A new opportunity has become available for Donna ISD students, thanks to the Texas Education Agency’s (TEA) recent decision to allow the district to operate a Texas Science, Technology, Engineering and Mathematics (T-STEM) Academy at each of the two high schools.
The change means that Donna High School and Donna North High School will oversee a T-STEM Academy for a period of one school year which begins August 2017. The campuses must meet all the requirements set forth by the TEA to keep the designation. The campuses must re-apply every year.
DISD Director of Advanced Academics Elena Betancourt Delgado said the designation would not have been possible without the support of DISD Superintendent Fernando Castillo, the Board of Trustees, and the two campus principals and their staff who spent countless hours working on the proposals that were submitted to TEA for consideration.
“This is the best thing that could have happened for our Donna students,” Delgado said. “The opportunities for our students surpassed even my wildest dreams because I realize that what we are about to embark upon will forever change the lives of these students.”
Each T-STEM Academy will begin its first cohort with up to 125 incoming freshmen. The students selected are traditionally underrepresented minorities like Hispanics and females. The district student population is 99 percent Hispanic.
“These students are coming in the fall and will begin getting immersed in the fields of science, technology, engineering and mathematics,” Betancourt Delgado said. “During the first semester, they will be getting ready for the Spring when they begin taking college-level classes in the STEM areas.”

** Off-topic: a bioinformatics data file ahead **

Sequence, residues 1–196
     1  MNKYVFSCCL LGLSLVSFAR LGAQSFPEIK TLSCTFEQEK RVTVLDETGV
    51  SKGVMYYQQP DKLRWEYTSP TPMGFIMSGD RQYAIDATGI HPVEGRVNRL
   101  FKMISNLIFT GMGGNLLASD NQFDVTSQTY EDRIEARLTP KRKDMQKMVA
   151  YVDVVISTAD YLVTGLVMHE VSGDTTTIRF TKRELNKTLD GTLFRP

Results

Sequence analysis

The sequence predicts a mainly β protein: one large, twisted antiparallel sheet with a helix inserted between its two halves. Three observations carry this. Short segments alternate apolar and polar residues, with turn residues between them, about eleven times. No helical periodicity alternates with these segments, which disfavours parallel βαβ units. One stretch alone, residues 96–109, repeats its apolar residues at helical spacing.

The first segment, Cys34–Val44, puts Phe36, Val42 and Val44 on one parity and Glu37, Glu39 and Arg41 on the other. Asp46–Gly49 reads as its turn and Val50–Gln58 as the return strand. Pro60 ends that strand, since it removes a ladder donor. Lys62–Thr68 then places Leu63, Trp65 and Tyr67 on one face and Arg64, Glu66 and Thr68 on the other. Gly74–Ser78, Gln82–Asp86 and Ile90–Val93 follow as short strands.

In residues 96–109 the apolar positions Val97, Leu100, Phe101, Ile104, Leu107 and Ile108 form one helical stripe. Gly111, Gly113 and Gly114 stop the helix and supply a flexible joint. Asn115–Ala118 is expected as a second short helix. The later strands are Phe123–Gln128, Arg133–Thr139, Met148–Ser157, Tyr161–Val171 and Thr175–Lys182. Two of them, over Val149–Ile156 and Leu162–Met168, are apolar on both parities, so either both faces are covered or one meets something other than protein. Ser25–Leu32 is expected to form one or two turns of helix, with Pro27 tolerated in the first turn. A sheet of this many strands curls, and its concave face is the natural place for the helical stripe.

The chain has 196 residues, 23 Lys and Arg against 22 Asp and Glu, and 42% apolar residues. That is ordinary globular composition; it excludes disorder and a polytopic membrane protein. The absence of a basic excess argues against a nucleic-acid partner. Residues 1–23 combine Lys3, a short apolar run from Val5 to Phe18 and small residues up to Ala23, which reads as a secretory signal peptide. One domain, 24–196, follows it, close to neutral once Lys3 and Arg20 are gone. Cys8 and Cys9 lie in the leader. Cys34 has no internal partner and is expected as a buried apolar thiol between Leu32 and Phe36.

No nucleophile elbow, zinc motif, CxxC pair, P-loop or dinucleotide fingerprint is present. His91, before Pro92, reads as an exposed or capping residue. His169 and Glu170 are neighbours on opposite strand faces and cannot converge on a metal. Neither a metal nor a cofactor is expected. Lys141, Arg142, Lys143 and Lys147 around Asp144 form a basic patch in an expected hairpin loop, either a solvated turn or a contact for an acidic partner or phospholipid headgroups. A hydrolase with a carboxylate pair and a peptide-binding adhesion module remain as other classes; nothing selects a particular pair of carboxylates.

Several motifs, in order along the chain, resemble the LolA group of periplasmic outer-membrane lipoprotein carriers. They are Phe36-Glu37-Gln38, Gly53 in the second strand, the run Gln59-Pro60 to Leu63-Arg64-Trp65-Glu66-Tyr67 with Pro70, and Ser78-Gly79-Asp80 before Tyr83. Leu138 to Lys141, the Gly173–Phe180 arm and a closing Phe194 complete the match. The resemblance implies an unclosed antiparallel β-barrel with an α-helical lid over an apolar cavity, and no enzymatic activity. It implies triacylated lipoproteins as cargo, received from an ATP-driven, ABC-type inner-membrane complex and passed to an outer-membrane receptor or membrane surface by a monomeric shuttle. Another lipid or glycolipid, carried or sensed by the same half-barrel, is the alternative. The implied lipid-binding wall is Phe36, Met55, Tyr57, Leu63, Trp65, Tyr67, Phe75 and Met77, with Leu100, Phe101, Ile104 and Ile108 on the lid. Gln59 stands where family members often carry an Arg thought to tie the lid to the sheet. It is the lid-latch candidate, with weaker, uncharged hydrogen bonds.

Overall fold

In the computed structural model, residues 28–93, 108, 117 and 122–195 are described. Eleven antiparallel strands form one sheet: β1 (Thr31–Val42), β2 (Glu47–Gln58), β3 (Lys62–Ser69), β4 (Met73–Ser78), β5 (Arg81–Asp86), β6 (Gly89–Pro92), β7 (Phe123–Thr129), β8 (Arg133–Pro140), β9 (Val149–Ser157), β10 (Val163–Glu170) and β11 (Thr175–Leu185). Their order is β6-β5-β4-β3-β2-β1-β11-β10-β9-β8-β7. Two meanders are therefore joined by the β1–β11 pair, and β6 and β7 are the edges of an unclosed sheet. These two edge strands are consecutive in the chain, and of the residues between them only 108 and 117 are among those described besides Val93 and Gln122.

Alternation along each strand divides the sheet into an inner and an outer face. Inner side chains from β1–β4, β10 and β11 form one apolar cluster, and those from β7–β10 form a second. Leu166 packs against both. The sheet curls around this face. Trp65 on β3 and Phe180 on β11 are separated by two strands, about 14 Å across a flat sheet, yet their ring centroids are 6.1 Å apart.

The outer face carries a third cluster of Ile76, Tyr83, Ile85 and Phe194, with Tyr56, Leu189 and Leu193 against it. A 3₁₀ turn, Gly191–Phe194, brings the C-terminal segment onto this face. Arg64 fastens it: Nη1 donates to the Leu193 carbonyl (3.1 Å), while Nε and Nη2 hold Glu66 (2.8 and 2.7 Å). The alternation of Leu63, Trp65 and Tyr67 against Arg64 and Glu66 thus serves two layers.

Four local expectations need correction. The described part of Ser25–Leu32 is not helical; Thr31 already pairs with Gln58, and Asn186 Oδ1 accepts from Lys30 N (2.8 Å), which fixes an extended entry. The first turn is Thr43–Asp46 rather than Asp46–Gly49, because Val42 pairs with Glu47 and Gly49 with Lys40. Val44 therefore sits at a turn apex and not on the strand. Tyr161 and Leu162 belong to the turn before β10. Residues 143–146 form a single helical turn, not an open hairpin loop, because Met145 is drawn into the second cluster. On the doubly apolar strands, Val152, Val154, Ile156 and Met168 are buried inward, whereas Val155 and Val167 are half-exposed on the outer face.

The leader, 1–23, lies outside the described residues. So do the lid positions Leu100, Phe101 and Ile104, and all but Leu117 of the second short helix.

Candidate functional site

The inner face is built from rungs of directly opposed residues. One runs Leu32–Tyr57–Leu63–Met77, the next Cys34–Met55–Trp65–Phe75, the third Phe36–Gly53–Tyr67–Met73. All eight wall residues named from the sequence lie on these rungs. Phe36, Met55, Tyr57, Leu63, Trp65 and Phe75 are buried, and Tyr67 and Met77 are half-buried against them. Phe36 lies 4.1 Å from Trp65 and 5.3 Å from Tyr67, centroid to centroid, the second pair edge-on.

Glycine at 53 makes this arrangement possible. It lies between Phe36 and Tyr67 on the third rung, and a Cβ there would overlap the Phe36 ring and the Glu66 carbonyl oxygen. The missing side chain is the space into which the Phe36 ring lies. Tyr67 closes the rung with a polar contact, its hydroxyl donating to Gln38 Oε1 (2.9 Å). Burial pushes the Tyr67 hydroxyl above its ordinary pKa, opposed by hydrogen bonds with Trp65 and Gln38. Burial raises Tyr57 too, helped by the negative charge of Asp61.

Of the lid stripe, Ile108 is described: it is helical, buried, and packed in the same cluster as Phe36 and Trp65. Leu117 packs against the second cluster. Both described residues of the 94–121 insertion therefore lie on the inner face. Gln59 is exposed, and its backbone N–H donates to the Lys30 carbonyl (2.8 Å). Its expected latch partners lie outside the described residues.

The T-STEM Academy at DHS and DNHS will function as a school-within-a school. “Some school districts have stand-alone campuses but Donna ISD is going to have what is called a school-within-a school,” Betancourt Delgado said. “Both schools will designate a certain area on campus to accommodate T-STEM classes.”
Betancourt Delgado said each high school academy will follow a Project Based Learning (PBL) curriculum. “Right now for example, students go off to their science classes and follow the science curriculum,” she said. “Then, they go to their math class and learn about math. They follow each subject’s curriculum. But under the T-STEM program, all core classes will be integrated while the students are working together trying to solve real-life problems. That’s the kind of learning they need to succeed at the college level and beyond into the workforce.”
Betancourt Delgado said the program must have the support of the business community to be successful. “The program relies heavily on community partnerships,” she said. “For example the district will need to send our students to businesses to get field work experience. That will likely occur when the students become juniors and seniors, so it’s important that the community get involved. So far, we have three partners but we need many more. We invite them to join us in this exciting endeavor.”
Each year a new cohort of up to 125 students will be selected. After the fourth year, DISD expects to have 500 students enrolled in T-STEM classes. When they graduate, the state will give them a T-STEM designation on their transcript.
“It tells the community and the universities that these students are ready to go into the Science, Technology, Engineering and Mathematics fields of study and be highly successful,” Betancourt Delgado said. “It says that we have prepared our students to function at high levels of integrated project based learning and helped them succeed in becoming the next generation of doctors, lawyers, architects and engineers. The possibilities are endless. It’s very exciting.”